At least three times during the last year, Comcast Corp. was asked to be the white knight.
But Brian Roberts said no.
The chairman and chief executive of cable giant Comcast initially rebuffed Time Warner Cable Inc.’s requests to combine the nation’s two largest cable companies. Comcast was still digesting its acquisition of NBCUniversal, and the company had been telling Wall Street that it didn’t need to buy any more cable systems to be successful.
But the pleas accelerated as Time Warner Cable tried to fend off a hostile takeover and turned to Roberts to be its white knight. The beleaguered cable operator had lost 300,000 subscribers during last summer’s blackout of CBS stations during an ill-fated battle over programming fees.
Blood was in the water. And Roberts’ lieutenants urged him to go for it.
“I just looked in the mirror and said: ‘If you are going to be an innovator, and if your products are not available in L.A. and New York, then will you truly be a great company?’ “ Roberts said during an interview at Comcast’s gleaming headquarters, the tallest tower in Philadelphia.
Building “a great company” has been a driving motivation of the Roberts family for more than 50 years.
Roberts’ father made a living in the 1950s selling men’s cologne, belts and suspenders. Then Ralph Roberts took a chance on what he saw as the next big thing. In 1963, he plunked down $250,000 to buy a Tupelo, Miss., community TV antenna system with 1,200 customers willing to pay for clear television signals.
The family has spent the past two decades on an aggressive buying spree, rolling up one company after another to build Comcast into one of the world’s most powerful corporations. Comcast now is the nation’s largest cable company, with more than 22 million subscribers and $64 billion a year in revenue.
Brian Roberts is looking to fortify his company for an increasingly competitive era. He believes that the $45 billion takeover of Time Warner Cable will help do that, particularly as major technology companies, including Google, Apple and Amazon.com, try to crowd into America’s living rooms to control the TV-watching experience.
He still needs the blessing of federal regulators, who are expected to decide early next year. If they approve, Comcast would be a dominant provider of cable TV and Internet service – an increasingly vital connection for tens of millions of families – along the nation’s East and West coasts. It would gain 7 million subscribers and claim two major pieces on the chessboard, Los Angeles and New York, an audacious move even for a company known for its daring bets.
Comcast would command the major population centers: New York, L.A., Chicago, Boston, Philadelphia, Washington, Atlanta, Dallas, Seattle and San Francisco. In Los Angeles, Comcast would become the sole cable TV operator, with reach into nearly 1.8 million homes.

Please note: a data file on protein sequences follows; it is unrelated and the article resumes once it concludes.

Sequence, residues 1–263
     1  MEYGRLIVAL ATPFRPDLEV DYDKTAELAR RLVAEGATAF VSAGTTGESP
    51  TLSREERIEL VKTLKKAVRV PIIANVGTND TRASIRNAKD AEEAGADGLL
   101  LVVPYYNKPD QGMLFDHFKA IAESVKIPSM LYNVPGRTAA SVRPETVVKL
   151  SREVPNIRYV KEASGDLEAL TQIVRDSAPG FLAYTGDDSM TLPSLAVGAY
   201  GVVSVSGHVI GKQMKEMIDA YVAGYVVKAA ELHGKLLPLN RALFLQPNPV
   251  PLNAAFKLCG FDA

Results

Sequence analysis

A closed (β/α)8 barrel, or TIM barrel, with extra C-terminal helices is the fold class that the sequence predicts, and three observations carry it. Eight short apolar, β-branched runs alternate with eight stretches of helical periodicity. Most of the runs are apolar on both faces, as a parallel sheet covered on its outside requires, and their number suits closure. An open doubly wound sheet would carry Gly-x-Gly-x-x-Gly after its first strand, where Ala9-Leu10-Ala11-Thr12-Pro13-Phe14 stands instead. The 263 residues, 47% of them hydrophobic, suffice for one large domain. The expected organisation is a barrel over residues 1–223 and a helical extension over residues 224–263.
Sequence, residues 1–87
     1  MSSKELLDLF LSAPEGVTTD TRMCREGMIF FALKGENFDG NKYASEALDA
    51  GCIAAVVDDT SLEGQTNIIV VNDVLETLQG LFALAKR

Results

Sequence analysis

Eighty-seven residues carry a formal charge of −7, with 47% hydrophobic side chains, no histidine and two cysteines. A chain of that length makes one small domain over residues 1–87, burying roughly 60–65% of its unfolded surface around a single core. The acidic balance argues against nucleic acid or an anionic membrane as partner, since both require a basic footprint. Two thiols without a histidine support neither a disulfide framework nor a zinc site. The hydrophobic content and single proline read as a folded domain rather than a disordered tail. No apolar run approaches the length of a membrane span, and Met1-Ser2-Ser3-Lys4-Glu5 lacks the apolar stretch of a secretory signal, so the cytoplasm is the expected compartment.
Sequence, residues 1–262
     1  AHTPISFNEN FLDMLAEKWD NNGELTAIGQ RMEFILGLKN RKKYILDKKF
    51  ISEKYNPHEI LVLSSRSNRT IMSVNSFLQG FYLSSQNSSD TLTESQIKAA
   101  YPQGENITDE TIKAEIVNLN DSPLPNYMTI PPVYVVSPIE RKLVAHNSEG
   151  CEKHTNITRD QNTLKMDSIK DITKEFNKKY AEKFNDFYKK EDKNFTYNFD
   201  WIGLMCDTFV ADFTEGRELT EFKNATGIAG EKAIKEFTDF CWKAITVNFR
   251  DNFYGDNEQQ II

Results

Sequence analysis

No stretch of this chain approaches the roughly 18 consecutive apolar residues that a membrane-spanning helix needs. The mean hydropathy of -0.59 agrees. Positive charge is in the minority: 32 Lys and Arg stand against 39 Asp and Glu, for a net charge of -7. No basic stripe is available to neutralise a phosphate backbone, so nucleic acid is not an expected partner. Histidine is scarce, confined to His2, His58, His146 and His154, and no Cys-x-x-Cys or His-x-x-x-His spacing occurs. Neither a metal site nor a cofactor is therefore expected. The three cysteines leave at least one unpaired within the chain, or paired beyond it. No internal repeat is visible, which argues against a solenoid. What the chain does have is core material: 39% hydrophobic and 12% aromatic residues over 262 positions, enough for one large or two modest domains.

The deal would complete Comcast’s transformation into a national company from a regional cable operator, all of it done without having to dig trenches and extend its fiber lines through every state.
“Something closer to world domination” was how veteran cable analyst Craig Moffett described Comcast’s ambitions.
Roberts, who turned 55 recently, does not come across as a power-hungry CEO. Instead, he is bookish and polite, with a dry sense of humor.
He possesses a quiet confidence that business associates say comes from his strong relationship with his father — and the corporate structure of Comcast. Roberts controls 33 percent of the company’s voting shares, which means that he doesn’t have to worry about being bounced out of the CEO office. He can take the long view.
Roberts has spent his entire career at Comcast. In high school, he trained as a cable installer in western Pennsylvania, climbing poles and learning to pull wires into homes. He joined the company full-time after graduating from the Wharton School at the University of Pennsylvania.
Roberts became the company’s president at age 30. He took over as CEO in 2002, just as Comcast was absorbing another huge acquisition, AT&T Broadband. That $47.5 billion purchase turned Comcast into the nation’s largest cable operator.
His 94-year-old father, Ralph, still makes it into the office.
Brian Roberts’ initial reluctance to bid for Time Warner Cable was based, in part, on worries that it would be inviting trouble.
He knew another big grab by Comcast would give ammunition to business rivals, consumer groups and even federal regulators who might consider stricter rules for the cable industry.
And the criticism came swiftly. During a congressional hearing this spring, a leading consumer advocate described Comcast as “a nationwide octopus with massive tentacles” capable of squeezing customers.
Susan Crawford, a visiting professor at Harvard Law School, agreed with that characterization.
“It will be like having Godzilla and Shamu merge – the company will be so enormous,” she said.
Comcast has been relentlessly expanding at a time when other media companies have been slimming down.
Its biggest prize to date has been its acquisition of NBCUniversal, one of the nation’s premier entertainment companies. It includes the NBC broadcast network; cable TV channels USA Network, Bravo, E!, CNBC, MSNBC and Golf Channel; Spanish-language Telemundo; and Fandango, an Internet movie ticketing service. NBCUniversal has a huge presence in Los Angeles, owning movie studio Universal Pictures, Universal Studios theme park and KNBC-TV Channel 4.
“If you look at the majority of deals that we’ve done over the years, we have always out-hustled everyone else,” said Steve Burke, who joined Comcast 16 years ago and now is chief executive of NBCUniversal. “Brian was the guy who stepped up to make it happen. He’s playing a really long game.”